Tackling Human Trafficking and GBV

A lot of young people in Nigeria have experienced different forms of human rights abuses such as gender-based violence, exploitation, human trafficking, rape, and stigmatization and the majority of these cases go unreported. A report by the U.S. State Department has described Nigeria as a country where gross human rights violations occur at will, and according to the 2018 Global Slavery Index, there are 1.3 million victims of human trafficking in Nigeria, making it one of the countries with the highest number of human trafficking victims. Research shows that 80% of the victims of human trafficking are women and girls between the ages of 6 and 24. In addition, the incidence of gender-based violence (GBV) is growing astronomically in Nigeria, especially in the Northern sections of the country. Nearly 3 in 10 Nigerian women have experienced physical and sexual violence by the age of 15. We are providing our support to Devatop Centre for Africa Development to train young people to become advocates against human trafficking and GBV and educate up to 50,000 of their peers on how to use Devatop’s recently developed human rights abuse reporting app (known as TALKAM) to monitor and report incidences of such abuses.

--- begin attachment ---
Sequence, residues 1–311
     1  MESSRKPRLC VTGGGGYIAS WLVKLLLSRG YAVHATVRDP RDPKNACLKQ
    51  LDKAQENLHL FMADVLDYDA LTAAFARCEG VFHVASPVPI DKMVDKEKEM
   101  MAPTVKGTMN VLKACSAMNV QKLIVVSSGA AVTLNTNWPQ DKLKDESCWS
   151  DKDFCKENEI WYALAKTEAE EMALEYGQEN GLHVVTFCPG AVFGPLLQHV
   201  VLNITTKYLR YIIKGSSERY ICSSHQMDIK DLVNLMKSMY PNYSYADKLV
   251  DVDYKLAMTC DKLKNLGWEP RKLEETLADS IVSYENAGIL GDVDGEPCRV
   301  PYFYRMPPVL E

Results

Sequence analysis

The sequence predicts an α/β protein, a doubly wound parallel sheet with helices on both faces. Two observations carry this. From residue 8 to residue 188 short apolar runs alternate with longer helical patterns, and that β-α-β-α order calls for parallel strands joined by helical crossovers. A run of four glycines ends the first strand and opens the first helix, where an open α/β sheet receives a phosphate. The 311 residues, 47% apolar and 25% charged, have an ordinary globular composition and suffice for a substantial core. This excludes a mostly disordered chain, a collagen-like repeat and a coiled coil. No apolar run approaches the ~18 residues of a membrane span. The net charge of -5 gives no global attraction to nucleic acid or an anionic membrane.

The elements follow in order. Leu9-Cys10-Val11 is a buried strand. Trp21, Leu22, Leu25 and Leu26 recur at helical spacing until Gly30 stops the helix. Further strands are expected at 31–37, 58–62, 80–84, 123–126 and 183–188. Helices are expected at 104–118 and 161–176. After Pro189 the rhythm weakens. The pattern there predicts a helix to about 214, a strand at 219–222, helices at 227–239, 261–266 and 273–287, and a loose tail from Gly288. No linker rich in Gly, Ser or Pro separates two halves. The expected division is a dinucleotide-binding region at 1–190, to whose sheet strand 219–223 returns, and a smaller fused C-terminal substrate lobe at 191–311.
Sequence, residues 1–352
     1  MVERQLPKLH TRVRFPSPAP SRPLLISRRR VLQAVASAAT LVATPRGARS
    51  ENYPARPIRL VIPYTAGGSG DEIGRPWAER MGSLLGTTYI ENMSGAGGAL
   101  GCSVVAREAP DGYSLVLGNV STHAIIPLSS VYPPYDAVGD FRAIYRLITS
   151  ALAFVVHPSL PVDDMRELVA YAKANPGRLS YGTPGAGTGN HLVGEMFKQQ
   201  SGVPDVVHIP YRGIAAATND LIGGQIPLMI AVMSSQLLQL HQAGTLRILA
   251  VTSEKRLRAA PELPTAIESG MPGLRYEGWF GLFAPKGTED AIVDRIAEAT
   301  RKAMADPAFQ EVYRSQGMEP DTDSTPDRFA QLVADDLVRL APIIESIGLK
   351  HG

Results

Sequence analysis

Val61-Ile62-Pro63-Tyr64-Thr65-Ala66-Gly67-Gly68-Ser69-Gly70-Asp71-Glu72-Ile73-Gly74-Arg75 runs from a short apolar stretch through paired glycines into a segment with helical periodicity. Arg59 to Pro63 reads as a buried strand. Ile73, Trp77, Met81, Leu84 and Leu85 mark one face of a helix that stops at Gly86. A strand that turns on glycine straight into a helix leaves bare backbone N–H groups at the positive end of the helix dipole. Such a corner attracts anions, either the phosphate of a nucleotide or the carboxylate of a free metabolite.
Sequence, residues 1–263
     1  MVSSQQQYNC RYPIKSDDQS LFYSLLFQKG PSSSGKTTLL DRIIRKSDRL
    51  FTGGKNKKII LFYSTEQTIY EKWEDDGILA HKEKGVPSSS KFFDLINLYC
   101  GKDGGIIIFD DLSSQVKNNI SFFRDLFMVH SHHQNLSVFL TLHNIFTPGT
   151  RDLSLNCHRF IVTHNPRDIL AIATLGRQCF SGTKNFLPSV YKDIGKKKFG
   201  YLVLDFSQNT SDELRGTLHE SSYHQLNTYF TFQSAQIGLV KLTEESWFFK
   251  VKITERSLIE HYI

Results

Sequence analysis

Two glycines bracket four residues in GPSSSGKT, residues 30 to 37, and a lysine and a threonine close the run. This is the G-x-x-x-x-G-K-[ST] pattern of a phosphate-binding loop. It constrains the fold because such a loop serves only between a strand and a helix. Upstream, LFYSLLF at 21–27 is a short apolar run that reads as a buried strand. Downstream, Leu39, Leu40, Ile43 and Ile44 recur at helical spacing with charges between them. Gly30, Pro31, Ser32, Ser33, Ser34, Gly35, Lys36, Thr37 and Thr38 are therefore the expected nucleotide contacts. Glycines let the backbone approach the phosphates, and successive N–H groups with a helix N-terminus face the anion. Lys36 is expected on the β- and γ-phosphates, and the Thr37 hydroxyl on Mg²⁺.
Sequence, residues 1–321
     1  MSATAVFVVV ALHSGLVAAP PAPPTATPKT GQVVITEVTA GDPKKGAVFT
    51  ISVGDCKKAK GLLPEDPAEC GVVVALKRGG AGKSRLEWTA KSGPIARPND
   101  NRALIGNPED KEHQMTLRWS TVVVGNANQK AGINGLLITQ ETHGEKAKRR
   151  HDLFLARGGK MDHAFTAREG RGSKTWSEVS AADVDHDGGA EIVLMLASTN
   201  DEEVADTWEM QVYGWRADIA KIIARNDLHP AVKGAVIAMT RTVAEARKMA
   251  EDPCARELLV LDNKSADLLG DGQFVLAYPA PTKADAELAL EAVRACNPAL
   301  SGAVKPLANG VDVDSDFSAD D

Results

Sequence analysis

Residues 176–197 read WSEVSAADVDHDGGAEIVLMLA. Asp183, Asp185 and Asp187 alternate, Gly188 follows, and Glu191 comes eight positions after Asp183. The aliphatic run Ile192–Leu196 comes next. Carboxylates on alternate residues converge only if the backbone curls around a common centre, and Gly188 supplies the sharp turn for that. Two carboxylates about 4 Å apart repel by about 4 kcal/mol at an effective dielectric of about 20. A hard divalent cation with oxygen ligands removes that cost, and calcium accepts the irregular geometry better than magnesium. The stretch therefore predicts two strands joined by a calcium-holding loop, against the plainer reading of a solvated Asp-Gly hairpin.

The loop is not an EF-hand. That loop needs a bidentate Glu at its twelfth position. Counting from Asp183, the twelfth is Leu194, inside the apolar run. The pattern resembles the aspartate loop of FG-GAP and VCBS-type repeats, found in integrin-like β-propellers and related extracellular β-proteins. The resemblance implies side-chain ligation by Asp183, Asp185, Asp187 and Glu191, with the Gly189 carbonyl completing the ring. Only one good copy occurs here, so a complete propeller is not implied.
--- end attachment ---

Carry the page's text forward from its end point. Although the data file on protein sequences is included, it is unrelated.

Restoring Hope to Orphaned Children

Raise A Child Initiative in Uganda aims to provide a springboard for orphaned children to develop their learning skills, thinking skills, positive attitudes and self-love. Orphaned children often experience higher levels of stigma, psychological stress and trauma, leading to poor school attendance and educational achievement, and are at a much greater risk of abuse and mistreatment. We are collaborating with this wonderful organization to restore the hope and to provide joy to 250 children between the ages of 5 and 12 years through social story-telling, counselling, mentorship, cognitive behavioural therapy and psychological rehabilitation of their thinking. A wide range of activities will enhance their language and thinking skills, reinforce positive attitudes and self-love, as well as an appreciation of other cultures through community story-telling groups, trips to meet motivational speakers (who were orphans themselves before becoming successful), and surprise kindness gifts. The hope is that this will enhance their sense of love, confidence and self-esteem, and help them realize their full potential.